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Our Global Neighbours: King’s Misfortune and Devil

By: Dr Stan Florek, Category: Science, Date: 01 Oct 2014

How sickness came to the world and how to remedy disorders.

Mask - Sri Lanka: E19295

Mask - Sri Lanka: E19295
Photographer: Stan Florek © Australian Museum

Our Global Neighbours is a blog series containing stories from and about cultures around the world.

King Sankapala went to a war, as kings do. His pregnant wife (it’s also what kings do) was left alone.

One day the lonely queen had a sudden craving for a particular kind of mango. As she ate it her maid also wanted the fruit. However, the queen refused to share it. Offended by the refusal the maid cursed the queen. And when the king returned from the war the maid told him that the queen had conceived out of wedlock. The king believed her and chopped the queen with his sword – as kings do to uphold their honour. The baby boy freed from his mother’s body in this gruesome process turned out to be a devil and he grew feeding on her corpse.

But it gets even worse. The devil multiplied into 18 companions who, representing different maladies, wreaked havoc on the kingdom and went to towns and villages throughout the country and beyond. They spread sickness among people. A calamity!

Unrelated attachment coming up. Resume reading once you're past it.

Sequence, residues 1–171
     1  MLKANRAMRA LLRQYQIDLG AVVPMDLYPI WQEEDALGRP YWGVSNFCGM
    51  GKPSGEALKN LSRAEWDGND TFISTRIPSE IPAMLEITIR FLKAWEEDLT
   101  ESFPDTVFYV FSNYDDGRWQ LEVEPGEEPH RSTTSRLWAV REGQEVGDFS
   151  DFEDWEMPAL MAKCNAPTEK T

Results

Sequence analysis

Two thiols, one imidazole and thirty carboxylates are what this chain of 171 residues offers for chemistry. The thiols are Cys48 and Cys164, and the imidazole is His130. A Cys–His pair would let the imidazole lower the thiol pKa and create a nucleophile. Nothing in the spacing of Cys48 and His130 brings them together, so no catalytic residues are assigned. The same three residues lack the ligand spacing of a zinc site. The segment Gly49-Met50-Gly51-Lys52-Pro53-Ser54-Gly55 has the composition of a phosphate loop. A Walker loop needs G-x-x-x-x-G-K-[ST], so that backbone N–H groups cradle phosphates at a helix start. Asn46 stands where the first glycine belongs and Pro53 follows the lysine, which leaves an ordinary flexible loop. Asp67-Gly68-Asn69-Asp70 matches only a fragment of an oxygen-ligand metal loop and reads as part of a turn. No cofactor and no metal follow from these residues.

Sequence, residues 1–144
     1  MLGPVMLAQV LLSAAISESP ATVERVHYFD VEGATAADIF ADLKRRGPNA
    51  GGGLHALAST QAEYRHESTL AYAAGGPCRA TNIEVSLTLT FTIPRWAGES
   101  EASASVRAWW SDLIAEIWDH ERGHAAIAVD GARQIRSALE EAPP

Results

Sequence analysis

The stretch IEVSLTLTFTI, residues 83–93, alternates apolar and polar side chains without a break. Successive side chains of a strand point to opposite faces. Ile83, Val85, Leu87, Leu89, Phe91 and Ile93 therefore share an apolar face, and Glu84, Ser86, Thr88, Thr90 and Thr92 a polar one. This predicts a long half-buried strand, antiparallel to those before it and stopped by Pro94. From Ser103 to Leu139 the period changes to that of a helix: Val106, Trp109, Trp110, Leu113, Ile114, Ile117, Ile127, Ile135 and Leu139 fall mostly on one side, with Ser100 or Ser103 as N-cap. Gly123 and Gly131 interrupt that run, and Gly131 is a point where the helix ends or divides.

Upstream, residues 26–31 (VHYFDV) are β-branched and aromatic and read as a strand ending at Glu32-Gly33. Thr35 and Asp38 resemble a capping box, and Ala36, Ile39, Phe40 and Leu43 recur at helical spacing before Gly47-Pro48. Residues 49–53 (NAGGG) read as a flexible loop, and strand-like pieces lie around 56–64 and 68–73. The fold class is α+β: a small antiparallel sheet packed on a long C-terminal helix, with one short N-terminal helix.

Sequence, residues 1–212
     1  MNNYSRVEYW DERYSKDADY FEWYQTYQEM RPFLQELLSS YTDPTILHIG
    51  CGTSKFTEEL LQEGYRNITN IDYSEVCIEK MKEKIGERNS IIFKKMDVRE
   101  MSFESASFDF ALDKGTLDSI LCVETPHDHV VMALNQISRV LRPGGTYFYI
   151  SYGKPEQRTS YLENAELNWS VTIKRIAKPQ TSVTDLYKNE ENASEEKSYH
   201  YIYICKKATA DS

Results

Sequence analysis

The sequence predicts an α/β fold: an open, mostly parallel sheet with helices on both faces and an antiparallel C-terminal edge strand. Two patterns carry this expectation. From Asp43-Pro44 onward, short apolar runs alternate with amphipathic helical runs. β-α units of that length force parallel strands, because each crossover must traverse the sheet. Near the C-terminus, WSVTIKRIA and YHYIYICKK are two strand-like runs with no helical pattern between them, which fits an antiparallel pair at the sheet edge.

There are different versions of this story in Sinhalese tradition and some link it to an ancient city of Vaishali in Bihar state in India, indicating its great antiquity.

The ritual dance Daha Ata Sanniya was created to purge diseases from humans. The dance was performed in the old Sri Lankan custom to relieve the human body from eighteen types of diseases. It is one of the oldest and now very rare parts of the blessing ceremony Shanthi Karmaya. Elaborate costumes and masks are used in the ritual. The masks are known as Daha Ata Sanniya or ‘eighteen diseases’ and represent different characters, each of which personify specific sickness.

Magical healing and therapeutic effects of mask and related rituals are still remembered in the remote parts of the country, but in the past half century the Daha Ata Sanniya ritual was performed rarely. The dancers and spectators may not be fully aware of the potency of ritual transformation. But they, it is believed, benefit from the fact that the devil spreading disease is identified and the sickness ritualistically exorcised.

In 1911 the Australian Museum acquired a complete set of Daha Ata Sanniya masks with two devil masks and some related accessories.